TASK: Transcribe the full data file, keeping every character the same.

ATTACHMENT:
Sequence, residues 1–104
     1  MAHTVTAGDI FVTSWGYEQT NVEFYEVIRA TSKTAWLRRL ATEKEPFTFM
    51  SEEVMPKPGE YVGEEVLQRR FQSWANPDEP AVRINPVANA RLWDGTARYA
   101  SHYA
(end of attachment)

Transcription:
Sequence, residues 1–104
     1  MAHTVTAGDI FVTSWGYEQT NVEFYEVIRA TSKTAWLRRL ATEKEPFTFM
    51  SEEVMPKPGE YVGEEVLQRR FQSWANPDEP AVRINPVANA RLWDGTARYA
   101  SHYA